Week 4 – Into the Image World

The Intent of My Work

Exploring the unique has always been my main drive to go further, the curiosity to discover something new or rediscover a feeling I get from a location. The ideas people get from discovery has driven people on for centuries, discovering the world underwater then is my adventure. The dynamic environments always provide something different, a change in light from the clarity or speed of the water, a sudden fog from silt being disturbed, or the arrival of a giant marine creature in a tiny landscape. Not only discovering the world below, but discovering myself has always been a goal for my work. The landscape has always been there, but the drive to photograph that particular area, on that particular day was a decision my inner self makes. Compositions are made through my mind but are driven by my heart to hold onto a scene.



Strategies Used to Achieve Intent

I want the viewer to feel that same sense of discovery that I feel after I’ve captured the photo. I believe it’s the same feeling looking at other photographers work but recreating that emotion can come in very different visual situations. Therefore I’m not 100% forward on making work that stands out in a crowd of millions, but creating work for the few that can share the same emotions whilst viewing the work is one strategy.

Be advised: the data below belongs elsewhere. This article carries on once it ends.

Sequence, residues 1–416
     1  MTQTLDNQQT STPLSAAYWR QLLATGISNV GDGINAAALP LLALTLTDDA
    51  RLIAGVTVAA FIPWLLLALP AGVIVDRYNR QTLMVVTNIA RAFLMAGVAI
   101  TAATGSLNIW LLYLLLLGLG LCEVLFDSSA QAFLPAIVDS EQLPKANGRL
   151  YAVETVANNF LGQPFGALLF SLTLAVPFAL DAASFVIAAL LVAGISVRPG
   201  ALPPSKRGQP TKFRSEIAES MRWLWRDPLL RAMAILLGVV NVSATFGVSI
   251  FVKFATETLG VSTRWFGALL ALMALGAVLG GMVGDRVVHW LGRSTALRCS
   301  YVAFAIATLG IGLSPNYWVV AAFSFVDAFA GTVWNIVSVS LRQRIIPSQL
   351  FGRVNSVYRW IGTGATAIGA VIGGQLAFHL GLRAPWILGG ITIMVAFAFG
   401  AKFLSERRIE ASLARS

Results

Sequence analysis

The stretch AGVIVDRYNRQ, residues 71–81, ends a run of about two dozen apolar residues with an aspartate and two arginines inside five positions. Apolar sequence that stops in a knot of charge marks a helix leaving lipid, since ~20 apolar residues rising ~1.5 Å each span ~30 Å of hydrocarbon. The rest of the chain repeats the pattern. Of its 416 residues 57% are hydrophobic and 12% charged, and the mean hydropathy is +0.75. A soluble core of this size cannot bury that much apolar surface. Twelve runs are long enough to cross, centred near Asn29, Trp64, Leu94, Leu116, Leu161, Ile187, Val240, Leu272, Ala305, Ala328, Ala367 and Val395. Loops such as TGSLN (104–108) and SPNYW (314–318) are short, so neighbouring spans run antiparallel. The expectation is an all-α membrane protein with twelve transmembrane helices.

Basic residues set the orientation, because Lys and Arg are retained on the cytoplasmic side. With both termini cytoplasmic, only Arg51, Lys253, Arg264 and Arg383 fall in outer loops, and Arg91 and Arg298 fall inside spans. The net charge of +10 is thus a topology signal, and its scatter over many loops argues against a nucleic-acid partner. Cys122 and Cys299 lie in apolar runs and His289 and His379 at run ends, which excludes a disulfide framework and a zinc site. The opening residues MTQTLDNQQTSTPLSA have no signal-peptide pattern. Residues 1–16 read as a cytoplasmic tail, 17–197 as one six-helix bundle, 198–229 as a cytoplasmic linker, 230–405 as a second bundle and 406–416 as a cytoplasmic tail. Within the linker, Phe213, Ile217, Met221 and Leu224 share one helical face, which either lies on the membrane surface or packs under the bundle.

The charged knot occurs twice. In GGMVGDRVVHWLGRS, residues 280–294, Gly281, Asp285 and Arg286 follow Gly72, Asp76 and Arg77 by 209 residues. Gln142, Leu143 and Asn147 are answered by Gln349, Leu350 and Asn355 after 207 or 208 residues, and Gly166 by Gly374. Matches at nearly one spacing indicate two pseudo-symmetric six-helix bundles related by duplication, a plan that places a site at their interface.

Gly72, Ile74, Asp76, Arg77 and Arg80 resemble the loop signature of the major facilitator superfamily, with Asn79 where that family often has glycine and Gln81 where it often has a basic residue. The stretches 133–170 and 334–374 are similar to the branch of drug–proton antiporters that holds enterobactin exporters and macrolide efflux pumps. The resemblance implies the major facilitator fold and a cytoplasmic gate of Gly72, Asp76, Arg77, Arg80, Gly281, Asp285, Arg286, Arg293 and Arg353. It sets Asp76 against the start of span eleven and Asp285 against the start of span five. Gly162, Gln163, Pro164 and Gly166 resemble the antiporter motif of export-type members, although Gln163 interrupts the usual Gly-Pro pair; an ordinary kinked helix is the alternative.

Removing anything man made from a scene is critical in creating these otherworlds, not only is the scene required to have no human presence, but it will also dramatically change the sense of a different perspective. I want these to be as alien as possible, a different atmosphere and unfamiliar shapes and objects.

If these Strategies are Successful, if so, for whom?

For a specific audience I’m still unsure as to whom it would be for, in general it’s for the landscape/underwater community but in small amounts. So far I’ve only shown these at 2 exhibitions and have had positive feedback so far, even sold two and from what I’ve learned they’re mainly used on walls at work so maybe I could expand in that direction. Having a different view could be an effective influencer in a corporate scene on a wall, blown up and printed big it’s a possible hit with that scene.

Is Photographic Ambiguity an Intent in its Own Right

I believe in all my work it is an intent. I want people to be able to tell a story of the scene, what happened, where is this and how did it occur. It may only be a small story but I feel a photograph with one is more important than one without. Whilst different scenes may have smaller stories, having a dynamic approach to the composition and scene I’d expect myself to come up with a few curious thoughts for each.



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